The new MEP/FP systems, distribution, and lighting for the Main House’s renovations took into account areas of high interest and concern to keep the disturbance of historical features to minimum. Specialty lighting – with lighting controls – were installed for aesthetic spaces on the ground floor. General illumination design was provided for other spaces. New electrical service was implemented to support the property and garden’s necessary modern upgrades. The existing garage was transformed in to an electrical space with electrical panels, switch gears, transfer switches, and a back-up outdoor generator. Provisions were made for a new fire alarm system, low voltage systems – including audio/visual, telephone/data, and security – and site power/lighting.
In addition, the design team installed a 1931 pipe organ for the resident Organ Historical Society. The Aeolian-Skinner Opus 878 serves as a lynch pin for the renovation’s plan to unite nature and music, as desired by the Haas family. The organ’s 2,218 pipes were installed in the basement, allowing the pipes’ bellows to be heard throughout openings in the floor as the organ is played in a room off the house’s foyer. Older basements are less-than-ideal environments for such a sensitive instrument due to damp and cold conditions, so extra care had to be provided in the design.
An important part of Stoneleigh’s renovation was the facility’s new fire protection systems. Having so many historical elements, it was important that the Main House’s new design be sensitive to its interiors. Provisions were made for a new fire protection system that encompassed the entire house. The fire protection system included a wet system for all non-critical spaces that required detailed pipe routing, as well as concealed sprinkler heads for spaces of high interest that have original decorative ceilings and moldings. Critical areas, such as historical archival spaces and the organ pipe chamber, were provided with a dry or non-water based FM-200 fire suppression system. A new fire pump was installed to provide the required flow and pressure for the new fire protection systems.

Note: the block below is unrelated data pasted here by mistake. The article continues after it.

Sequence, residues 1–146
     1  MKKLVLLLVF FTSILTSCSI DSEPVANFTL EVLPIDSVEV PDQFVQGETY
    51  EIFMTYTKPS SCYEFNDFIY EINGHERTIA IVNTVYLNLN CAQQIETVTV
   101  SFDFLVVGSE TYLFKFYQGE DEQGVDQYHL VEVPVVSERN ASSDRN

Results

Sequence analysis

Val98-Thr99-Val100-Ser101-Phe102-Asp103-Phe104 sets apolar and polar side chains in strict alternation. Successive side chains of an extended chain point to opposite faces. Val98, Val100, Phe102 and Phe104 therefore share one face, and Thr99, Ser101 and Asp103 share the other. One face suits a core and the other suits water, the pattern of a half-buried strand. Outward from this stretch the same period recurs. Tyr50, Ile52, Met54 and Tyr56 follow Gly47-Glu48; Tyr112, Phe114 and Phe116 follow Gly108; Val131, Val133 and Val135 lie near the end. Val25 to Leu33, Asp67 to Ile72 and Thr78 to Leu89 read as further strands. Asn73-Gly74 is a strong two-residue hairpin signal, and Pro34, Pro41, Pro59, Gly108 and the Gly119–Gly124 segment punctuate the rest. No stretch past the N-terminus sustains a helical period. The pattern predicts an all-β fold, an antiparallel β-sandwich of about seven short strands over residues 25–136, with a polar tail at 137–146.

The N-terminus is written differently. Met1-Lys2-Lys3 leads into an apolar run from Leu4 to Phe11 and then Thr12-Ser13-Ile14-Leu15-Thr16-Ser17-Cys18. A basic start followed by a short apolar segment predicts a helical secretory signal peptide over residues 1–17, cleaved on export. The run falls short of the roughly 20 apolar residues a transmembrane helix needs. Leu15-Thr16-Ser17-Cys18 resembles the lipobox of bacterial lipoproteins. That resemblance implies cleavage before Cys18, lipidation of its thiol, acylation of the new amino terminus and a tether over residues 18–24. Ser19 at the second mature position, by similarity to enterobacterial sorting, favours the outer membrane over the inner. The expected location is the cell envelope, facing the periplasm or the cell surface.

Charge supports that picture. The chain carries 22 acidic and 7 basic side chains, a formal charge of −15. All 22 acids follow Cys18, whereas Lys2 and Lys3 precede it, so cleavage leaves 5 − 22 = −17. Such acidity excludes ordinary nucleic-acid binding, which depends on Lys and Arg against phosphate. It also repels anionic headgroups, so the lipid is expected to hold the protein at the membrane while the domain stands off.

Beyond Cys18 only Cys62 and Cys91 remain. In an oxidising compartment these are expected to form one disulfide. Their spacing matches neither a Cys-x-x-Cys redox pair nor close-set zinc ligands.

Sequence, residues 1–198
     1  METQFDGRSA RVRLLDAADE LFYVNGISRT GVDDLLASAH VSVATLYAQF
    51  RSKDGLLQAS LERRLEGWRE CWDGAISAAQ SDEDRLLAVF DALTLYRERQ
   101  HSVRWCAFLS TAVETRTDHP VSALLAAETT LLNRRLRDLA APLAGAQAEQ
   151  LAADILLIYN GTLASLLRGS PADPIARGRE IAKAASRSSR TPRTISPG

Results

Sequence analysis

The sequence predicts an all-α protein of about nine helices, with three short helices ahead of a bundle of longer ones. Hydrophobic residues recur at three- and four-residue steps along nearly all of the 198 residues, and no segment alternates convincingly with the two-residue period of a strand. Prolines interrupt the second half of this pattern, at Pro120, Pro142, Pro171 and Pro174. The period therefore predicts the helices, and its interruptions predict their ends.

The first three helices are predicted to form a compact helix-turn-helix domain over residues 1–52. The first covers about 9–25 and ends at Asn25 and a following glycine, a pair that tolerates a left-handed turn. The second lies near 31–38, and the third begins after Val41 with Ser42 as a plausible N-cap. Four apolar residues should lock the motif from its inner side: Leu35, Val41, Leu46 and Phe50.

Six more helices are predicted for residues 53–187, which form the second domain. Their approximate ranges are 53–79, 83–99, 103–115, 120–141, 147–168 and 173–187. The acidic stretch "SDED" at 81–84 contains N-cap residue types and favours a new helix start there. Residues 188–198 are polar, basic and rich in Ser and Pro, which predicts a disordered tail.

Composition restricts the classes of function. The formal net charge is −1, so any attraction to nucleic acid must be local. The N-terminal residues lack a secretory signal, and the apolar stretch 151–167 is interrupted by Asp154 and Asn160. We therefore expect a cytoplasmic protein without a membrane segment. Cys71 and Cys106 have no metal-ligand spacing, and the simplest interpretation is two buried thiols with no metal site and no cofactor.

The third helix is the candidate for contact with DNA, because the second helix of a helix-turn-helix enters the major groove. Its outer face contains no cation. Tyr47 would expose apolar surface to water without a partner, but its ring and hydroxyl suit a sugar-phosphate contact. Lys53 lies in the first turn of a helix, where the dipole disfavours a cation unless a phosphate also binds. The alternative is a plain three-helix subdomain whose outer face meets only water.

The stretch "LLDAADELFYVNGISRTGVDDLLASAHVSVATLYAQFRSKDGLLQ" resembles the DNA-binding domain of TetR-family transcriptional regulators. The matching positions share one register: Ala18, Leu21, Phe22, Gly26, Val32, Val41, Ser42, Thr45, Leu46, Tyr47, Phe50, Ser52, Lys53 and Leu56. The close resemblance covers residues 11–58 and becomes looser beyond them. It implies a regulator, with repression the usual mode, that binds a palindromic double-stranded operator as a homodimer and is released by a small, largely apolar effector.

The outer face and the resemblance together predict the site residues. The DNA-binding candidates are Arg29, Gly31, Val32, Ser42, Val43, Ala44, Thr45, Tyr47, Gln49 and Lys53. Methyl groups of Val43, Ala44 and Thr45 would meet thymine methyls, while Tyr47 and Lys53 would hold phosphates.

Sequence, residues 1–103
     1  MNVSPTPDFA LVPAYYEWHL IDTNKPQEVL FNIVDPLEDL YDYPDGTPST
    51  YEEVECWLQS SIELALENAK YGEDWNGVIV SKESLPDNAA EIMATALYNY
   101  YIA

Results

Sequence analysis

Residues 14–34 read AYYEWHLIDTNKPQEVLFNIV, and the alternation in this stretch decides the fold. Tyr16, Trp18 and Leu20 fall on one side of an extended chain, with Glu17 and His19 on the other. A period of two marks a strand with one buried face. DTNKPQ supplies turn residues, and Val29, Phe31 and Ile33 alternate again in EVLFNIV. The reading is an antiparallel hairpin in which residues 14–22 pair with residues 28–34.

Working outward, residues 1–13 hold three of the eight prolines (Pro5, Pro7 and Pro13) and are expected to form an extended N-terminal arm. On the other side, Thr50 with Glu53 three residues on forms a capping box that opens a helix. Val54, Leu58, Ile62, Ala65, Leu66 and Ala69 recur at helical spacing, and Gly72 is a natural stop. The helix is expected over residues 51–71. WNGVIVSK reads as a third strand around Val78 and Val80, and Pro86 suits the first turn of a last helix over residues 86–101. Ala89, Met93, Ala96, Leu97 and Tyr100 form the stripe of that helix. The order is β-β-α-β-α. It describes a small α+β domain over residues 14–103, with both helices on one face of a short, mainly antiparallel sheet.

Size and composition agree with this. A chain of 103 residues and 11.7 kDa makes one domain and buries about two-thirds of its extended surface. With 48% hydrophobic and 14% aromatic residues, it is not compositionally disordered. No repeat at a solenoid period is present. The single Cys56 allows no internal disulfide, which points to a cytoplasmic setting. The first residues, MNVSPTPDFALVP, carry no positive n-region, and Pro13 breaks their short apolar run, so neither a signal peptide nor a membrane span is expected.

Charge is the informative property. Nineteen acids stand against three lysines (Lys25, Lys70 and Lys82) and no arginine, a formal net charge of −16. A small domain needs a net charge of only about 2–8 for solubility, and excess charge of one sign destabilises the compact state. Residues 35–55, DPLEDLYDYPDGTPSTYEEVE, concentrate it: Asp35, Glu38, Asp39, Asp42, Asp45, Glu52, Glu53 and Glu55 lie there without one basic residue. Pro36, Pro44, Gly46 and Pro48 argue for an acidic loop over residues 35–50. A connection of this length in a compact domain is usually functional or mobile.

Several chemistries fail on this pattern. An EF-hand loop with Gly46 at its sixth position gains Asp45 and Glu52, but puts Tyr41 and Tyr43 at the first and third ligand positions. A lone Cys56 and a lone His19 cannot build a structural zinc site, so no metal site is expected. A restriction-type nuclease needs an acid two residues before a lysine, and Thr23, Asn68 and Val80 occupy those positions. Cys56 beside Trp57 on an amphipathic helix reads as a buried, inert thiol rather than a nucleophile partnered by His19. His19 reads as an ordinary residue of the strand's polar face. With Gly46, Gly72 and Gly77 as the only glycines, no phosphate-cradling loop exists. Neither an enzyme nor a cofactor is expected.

Stoneleigh: a natural garden is now open to visitors, free of charge. While Natural Lands’ places emphasis on the beautiful green spaces and garden elements, the Main House is sometimes used for events and gatherings. It is critical that the building remain safe and accessible as visitors come to experience the historical structure in person. The new fire protection systems are an important part of making this happen, as the grounds are sure to have many guests in the future.
Thanks to the careful renovations by the design team, which included John Milner Architects, and Urban Engineers – who provided MEP/FP engineering services – patrons can now visit Stoneleigh: a natural garden and experience its historic cultural value. The recent upgrades to the facility will allow that experience to be shared for generations to come.
“Stoneleigh is unique among our preserves in so many ways,” said Molly Morrison, former president of Natural Lands, to the PhillyVoice. “We envision a place where the public will be able to enjoy the quiet and beauty of the Stoneleigh grounds and be motivated to learn about the joys and benefits of gardens that emphasize the use of native plants. We are deeply honored to be entrusted to carry on the Haas family’s legacy of stewardship for this magical place, and excited beyond measure to add Stoneleigh as a unique, shining star in our constellation of preserves."